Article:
Date: Fri, 20 Feb 2004 07:31:02 +0100 From: "Fredrik" <carlsbergerensis at hotmail.com> Subject: Re: cidery beer - (acetaldehyde vs acetic acid) Date: Thu, 19 Feb 2004 15:26:00 -0500 > From: "Dave Burley" <Dave_Burley at charter.net> > Subject: Cidery Beer, Clinit*st, phosphate pH stabilizer > > Brewsters: > > Fredrik, one way to test your theory is to add distilled white vinegar to > non-cidery beers and see if the cidery impresssion develops. That's a good idea Dave. I didn't actually try just that yet. But I diluted acetic acid to tap water to the theorized levels and it very much made sense. But adding it to real beer would be a b better test. But I've got another datapoint now, that makes me incorporate the acetaldehyde into this reasoning to a larger extent. I just finished another brew of mine. It started out as a perfectly normal all-malt brew, however I made a stupid mistake in my receipe and mixed up some fermentability numbers, so it stopped at 1.018 because I had added lots of maltodextrins. My target was 1.012, so took a chance and added sucrose + water + crystal malt, to get the FG down to 1.012. This was only 22% sucrose of the total extract, and according to the "theory" this should not have caused any acetic acid and low pH so I felt confident though it would alse be a test. Well it didn't turn out sour, the pH was 4.2 at EOF, but there were elevated levels residual of acetaldehyde in there!! This pissed me off as this playing with sugar screwed yet another batch. At first I was confused because 22% isn't tat much? This was not present when I added the sucrose judging only from how I recall the smell. I will wait for the final conclusion after some aging, but though I am aware of that acetaldehye is normal in young beer, I would say from my limited experience that the residual levels are TOO high even for green beer. I suspect that maybe this is because of the sucrose I added late when the cells are leaky? Forcing the metabolism when the cells are getting leaky seemed like a stupid idea? So the update idea is that since acetaldehyde is supposed to be the intermediate anyway, even if the end product is acetic acid, I suspect that adding sucrose at late fermentation, when the cells are a bit fatigued they may probably leak alot more acetaldehyde to the beer than they would have if the sucrose was in from the beginning? OG was 1.047, FG 1.012, I pitched 22g dry yeast in 6-7 gallons of beer. So maybe the cidery notes tend to be more acetic acid, when the cells are healthy and doesn't leak as much. And if the cells are leaky, there will be more acetaldehyde possibly at the expense of acetic acid and pH? So modelling the cidery notes may require understanding the balance between these things? Any further ideas on this? Does anyone find this idea of leaky cells likely or non-likely? I'm thinking that if the same amount of sucrose had been adding to the brew origninally the yeast would possibly have been able to deal with it without causing the same levels of problems. This would suggest that low pitching rates would add the cidery effect on the acetaldhyde part? while high pitching rates probably steer towards lower pH and acetic acid? My next batch will have NO sucrose or glucose added. I was out of beer and now I have 6 gallons of experiment bottled :-| This wasn't what I hoped for, though the good part was it gave me another datapoint. /Fredrik Return to table of contents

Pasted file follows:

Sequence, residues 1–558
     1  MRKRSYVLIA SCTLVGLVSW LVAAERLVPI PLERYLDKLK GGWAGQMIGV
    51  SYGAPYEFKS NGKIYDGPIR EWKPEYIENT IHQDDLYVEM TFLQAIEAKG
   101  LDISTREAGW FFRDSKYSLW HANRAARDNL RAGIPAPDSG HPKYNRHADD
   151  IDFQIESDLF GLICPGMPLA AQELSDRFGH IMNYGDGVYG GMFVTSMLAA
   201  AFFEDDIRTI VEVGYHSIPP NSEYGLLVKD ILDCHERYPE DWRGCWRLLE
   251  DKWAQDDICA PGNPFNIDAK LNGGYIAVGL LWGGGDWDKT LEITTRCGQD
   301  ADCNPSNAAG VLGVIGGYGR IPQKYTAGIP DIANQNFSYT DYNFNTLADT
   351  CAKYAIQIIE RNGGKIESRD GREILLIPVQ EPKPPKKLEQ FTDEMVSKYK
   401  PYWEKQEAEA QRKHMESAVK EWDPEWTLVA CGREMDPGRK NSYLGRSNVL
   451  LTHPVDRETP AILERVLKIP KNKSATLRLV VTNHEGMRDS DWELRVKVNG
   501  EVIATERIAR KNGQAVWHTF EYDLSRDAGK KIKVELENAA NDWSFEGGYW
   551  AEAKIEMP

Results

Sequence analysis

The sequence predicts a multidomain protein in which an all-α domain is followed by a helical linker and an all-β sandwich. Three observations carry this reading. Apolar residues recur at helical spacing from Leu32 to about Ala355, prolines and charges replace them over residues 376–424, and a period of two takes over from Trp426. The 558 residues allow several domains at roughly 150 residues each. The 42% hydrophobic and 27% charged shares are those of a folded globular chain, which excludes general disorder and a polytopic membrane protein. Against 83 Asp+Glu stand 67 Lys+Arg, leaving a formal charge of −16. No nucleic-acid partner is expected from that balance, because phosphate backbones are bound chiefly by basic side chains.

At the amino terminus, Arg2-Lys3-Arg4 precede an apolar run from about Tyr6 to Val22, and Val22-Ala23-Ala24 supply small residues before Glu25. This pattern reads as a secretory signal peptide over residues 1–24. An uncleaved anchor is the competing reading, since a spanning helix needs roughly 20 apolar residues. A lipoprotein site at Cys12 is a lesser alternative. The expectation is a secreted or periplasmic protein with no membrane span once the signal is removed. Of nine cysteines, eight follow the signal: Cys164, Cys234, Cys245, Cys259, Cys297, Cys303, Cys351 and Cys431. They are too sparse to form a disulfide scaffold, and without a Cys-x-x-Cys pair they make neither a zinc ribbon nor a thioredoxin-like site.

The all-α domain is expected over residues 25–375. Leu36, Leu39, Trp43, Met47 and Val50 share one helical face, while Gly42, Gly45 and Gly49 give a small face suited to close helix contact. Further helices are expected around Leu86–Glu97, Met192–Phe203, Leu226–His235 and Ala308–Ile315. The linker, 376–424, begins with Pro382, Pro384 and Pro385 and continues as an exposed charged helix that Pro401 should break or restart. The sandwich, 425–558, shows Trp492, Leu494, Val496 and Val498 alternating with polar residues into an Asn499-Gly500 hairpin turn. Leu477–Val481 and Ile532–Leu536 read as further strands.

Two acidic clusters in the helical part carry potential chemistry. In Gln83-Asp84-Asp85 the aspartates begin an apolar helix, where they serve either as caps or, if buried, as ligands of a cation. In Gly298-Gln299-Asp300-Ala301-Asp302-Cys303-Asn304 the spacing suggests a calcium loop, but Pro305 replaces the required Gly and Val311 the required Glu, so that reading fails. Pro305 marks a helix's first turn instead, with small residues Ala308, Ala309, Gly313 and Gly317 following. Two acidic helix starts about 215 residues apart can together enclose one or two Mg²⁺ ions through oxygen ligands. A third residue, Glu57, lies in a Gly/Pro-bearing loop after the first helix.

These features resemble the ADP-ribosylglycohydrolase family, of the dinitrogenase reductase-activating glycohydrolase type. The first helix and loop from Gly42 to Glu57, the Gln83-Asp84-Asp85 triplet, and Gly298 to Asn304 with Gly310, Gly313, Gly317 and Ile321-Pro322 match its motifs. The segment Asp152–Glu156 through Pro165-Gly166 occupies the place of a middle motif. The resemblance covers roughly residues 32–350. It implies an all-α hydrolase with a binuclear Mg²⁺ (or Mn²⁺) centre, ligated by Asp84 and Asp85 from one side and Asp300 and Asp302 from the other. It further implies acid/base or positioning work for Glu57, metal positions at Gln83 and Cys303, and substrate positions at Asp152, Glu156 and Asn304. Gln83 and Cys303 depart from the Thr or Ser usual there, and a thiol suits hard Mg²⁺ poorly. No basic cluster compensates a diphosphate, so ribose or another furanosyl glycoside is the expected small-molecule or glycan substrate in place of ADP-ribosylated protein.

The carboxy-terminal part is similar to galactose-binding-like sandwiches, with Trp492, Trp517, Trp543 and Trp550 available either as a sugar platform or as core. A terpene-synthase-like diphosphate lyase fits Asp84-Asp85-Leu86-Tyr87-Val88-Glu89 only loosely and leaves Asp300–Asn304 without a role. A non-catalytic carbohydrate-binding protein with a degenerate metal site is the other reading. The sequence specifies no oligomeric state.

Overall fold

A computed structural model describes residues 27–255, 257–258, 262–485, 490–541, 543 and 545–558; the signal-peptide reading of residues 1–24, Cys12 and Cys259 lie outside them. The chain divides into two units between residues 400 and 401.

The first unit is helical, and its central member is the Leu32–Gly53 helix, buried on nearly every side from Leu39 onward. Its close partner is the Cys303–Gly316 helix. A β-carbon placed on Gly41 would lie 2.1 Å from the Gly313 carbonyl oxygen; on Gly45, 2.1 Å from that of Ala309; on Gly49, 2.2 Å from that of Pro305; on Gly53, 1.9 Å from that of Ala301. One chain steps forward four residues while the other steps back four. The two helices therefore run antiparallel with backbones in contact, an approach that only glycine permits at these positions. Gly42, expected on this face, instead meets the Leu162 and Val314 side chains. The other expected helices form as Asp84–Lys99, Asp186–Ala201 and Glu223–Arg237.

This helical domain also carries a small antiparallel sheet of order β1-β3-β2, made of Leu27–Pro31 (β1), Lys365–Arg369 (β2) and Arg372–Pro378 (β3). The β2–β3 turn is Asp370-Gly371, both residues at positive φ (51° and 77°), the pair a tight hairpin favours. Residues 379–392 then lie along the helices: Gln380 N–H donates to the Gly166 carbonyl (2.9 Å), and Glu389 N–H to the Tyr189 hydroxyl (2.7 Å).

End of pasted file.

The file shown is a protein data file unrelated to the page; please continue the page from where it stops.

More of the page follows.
Date: Fri, 20 Feb 2004 02:29:21 -0500 From: "-S" <-s at adelphia.net> Subject: re: Monitoring CO2 Production with a Mass Flow Meter/Aussie terms Ken Anderson gathered and shared some terrific data with his CO2 mass flow measurement. I'm really glad to see this as I've been considering something similar. I'd really like to know more about his MF measuring device. The ones I've seen available had rather poor resolution and wouldn't give such nice measurements for a 5gal batch. Ken - what is the make and model on that ? I had considered going to MVD(Coriolis effect) flow meters but they are pretty expensive. The idea behind this effort is that, of the three main results of fermentation that concern us (sugar depletion, alcohol production, and CO2 production), why not look at CO2 production as a brewing aid? Just so - it and it's linear correlates are THE most important fermentation parameters. The trick is to measure the volume under that curve you've plotted and calculate the total CO2 produced. Of course this involves regular and automatic measurement of CO2 mass, not just volume. >Also, a simple equation may be possible, relating CO2 production, specific >gravity change, and wort volume. Yeah - it's trivially easy. You just plug the CO2 into the Balling eqn and you've got Alcohol mass and fermented sugar mass. Then you calculate the SG backward from the sugar loss and the alc increase. The REAL extract and attenuation is even easier. Of course JeffR is right we'll need to estimate the CO2 in solution and in the headspace but you can get pretty close. The best part is that it tells you something quantitative about fermentation performance .. throughout the fermentation and w/o an intrusive measure. >The most surprising thing about this graph is the >pretty much linear increase from hour 16 to 42, and the lack of a plateau. > I thought someone here might be able to relate the sections of this graph > with the typical stages of yeast growth. In particular, what's with hours 16 > through 42? Yeast growth starts out slow, increases at a near exponential rate for a short period, then, when the yeast cease to grow when they hit a growth limit. The rate of fermentation (which is nearly proportional to CO2) , lags aside, is roughly proportional to the amount of growth (growth requires lots of energy from fermentation) plus a much smaller term proportional to yeast mass (yeast maintenance energy reqs). Of course this cannot go on forever. The lag then exponential growth phase explains the rapid rise thru hour 36 or maybe 42. . What happens next depends on why the yeast have ceased to grow. If the yeast have run out of sugars, then the fermentation and CO2 production will drop fairly rapidly too. Not instantly. The beer will contain about 2 volumes of CO2 at peak fermentation, but that will drop slowly to a saturation level of abt 1 volume. This produces a fade-out of CO2 rate rather than an abrupt stop. If yeast run out of some other nutrient - then they will drop down - also fairly rapidly, from peak rate to a lower CO2 rate and hang around the low level for a long time. Of course if they are nutrient deficient that can also make the rising growth rate slower giving the whole curve a lower longer look. Some yeast will just grow rapidly till the last possible moment and stop. Other yeasts will have their growth rate stall out more slowly. Somewhere in BY&F has some graphs of this. To me it looks like a very nice fermentation. I guesstimate the area under your curve at around 430L of CO2 and that sound about right for 5.5gal of 12-13P beer with decent attenuation. Great job Ken. Thanks. Where do I get a similar MFM with such fine resolution ? BTW The French brewery Sebastian Artois uses a similar measurement (20 minute intervals) to calculate the amount of CO2 produced, and use this to determine when to start collecting CO2, when to start the fermentation coolers and when to bottle and keg for consistent natural carbonation. ====== Phil Y notes ... >I can't see anything wrong with sticking the odd chook in the cask >when making Cock Ale, That sounds more than a bit perverse, but whatever twists your pickle Phil ;^) Yes I was being a bit judgement - in jest. I don't generally enjoy vegetables or poultry in beer and I can find a better place to keep my chook. -S Return to table of contents